Crater Lake National Park is an area of 249 square miles dedicated to the preservation of its natural resources. For many years, park managers have looked at this task as a job to be accomplished only for the enjoyment of its human visitors. As important as this goal remains to be, park personnel now take a more comprehensive view of the ecosystems and interactions within the environment we call Crater Lake National Park. Enabling legislation for Crater Lake National Park, set forth in 1902, mandates that this area be "dedicated and set apart forever as a public (park) or pleasure ground for the benefit of the people of the United States." (32 Stat. 202) This important law allows for the unfettered access to this unique area. In subsequent legislation, including the Organic Act which established the National Park Service, emphasis was placed on the management of natural areas in order to provide for preservation and protection. This law allows park resources to be managed so that they may remain unimpaired and in a natural state for future generations.
While Crater Lake is considered the primary scenic wonder at Crater Lake National Park, management of all the natural resources of the park is given equal weight. As no forest is independent from the streams that run through it or the geologic history which has given rise to its different kinds of soil, ecosystems are dynamic parts of the whole which function according to their inputs and outputs. For example, if down wood is removed from park streams, a major source of habitat for insects has been taken away. In turn, fish will suffer from the loss of a significant food source. In the end, it is not only the fisherman who will ache for their catch of yesteryear, but the bear, eagle, and other fish-catching animals will suffer even more. As such, Crater Lake National Park manages its ecosystems for the sustainability of all resources which are found in the park. Objectives of the park's Resource Management Plan include: securing adequate resource information through scientific research, conserving natural resources, promoting understanding of the geological and biological processes found within the park and how the public may access these resources without their deterioration, and preserving the cultural resources found within the park so that they may be enjoyed and understood by future visitors.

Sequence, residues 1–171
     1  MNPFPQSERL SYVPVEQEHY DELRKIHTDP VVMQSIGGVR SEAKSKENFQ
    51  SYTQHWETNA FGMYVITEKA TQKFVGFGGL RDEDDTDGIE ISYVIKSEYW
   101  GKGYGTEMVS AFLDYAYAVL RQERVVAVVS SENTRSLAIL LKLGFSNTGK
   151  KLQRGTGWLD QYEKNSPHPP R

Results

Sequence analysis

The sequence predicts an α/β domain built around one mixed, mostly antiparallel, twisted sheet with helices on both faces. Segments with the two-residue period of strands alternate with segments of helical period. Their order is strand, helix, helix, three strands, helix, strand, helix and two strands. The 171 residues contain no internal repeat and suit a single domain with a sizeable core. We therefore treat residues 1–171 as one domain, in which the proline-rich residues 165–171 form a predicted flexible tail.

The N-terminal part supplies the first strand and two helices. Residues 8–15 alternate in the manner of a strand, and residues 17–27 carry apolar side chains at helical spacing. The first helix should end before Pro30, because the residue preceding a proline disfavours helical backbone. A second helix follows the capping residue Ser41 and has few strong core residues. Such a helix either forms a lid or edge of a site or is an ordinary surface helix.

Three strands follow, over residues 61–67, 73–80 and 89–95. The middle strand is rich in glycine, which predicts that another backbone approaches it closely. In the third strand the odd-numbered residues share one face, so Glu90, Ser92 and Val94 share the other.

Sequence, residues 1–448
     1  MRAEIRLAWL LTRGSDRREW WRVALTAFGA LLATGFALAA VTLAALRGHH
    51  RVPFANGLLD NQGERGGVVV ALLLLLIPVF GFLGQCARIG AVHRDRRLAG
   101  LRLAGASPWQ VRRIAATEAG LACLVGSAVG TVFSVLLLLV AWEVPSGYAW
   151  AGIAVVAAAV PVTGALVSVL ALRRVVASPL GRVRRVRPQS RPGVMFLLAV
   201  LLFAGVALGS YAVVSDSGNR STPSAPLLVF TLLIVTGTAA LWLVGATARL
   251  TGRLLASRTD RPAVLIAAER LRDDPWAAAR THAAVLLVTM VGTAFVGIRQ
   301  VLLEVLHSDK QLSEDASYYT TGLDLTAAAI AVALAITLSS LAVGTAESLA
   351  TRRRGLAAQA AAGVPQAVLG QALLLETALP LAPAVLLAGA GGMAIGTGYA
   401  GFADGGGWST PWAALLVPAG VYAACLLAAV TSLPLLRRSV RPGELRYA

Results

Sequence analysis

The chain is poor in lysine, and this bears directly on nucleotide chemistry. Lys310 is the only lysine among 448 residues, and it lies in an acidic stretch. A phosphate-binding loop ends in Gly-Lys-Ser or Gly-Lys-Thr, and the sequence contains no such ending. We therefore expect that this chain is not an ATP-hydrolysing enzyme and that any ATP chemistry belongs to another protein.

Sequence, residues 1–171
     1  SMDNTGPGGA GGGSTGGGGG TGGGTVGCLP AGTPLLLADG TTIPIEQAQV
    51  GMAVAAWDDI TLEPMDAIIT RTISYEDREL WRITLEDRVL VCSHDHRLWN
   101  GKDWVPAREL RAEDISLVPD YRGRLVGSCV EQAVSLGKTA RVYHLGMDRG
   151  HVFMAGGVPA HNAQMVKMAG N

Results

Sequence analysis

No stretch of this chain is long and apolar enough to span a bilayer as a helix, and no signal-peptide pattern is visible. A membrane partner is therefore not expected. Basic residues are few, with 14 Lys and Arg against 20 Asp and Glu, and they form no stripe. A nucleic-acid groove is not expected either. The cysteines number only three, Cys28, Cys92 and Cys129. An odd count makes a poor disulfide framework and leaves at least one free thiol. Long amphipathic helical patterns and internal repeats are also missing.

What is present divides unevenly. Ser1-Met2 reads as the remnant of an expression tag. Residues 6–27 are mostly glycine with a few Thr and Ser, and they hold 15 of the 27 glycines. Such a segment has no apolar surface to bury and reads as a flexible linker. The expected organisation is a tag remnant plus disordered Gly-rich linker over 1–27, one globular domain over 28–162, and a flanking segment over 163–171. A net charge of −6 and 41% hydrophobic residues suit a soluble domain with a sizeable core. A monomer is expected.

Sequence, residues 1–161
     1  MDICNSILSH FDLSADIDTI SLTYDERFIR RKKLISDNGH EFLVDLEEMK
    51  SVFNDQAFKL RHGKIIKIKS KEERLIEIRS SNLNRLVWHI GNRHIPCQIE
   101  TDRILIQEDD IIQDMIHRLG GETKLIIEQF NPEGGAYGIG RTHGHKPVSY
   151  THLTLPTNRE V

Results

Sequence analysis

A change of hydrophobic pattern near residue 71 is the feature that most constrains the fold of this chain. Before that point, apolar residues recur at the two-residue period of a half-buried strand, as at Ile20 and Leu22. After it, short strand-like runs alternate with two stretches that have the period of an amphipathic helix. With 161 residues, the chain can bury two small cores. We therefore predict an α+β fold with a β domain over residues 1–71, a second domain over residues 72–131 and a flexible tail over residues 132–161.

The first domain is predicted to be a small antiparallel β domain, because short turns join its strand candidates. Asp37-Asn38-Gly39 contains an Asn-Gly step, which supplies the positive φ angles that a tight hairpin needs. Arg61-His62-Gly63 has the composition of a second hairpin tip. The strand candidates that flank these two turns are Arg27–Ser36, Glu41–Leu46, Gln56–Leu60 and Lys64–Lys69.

These objectives are carried out through many programs aimed at allowing natural processes to continue. For example, in areas where natural vegetation has been adversely affected or displaced, efforts are underway to re-vegetate the areas with native plants. Maps can be created from Geographic Information Systems (GIS) to predict changes in the environment or in determining management actions . GIS technology is used to electronically store data on all aspects of the park's vegetation, soils, wildlife, and aquatic resources. Long-term studies have been initiated to monitor park ecosystems for changes which may occur at a snail's pace, yet which may harbor information useful to the entire globe. Crater Lake National Park is an environment with boundaries imposed only by man. Its connections to the world are as inseparable as a tree to its roots. The resource management staff at the park is responsible for overseeing that these connections remain unimpaired for time immemorial, so that generations to come may enjoy this special place. Further questions may be addressed to Crater Lake National Park Interpretation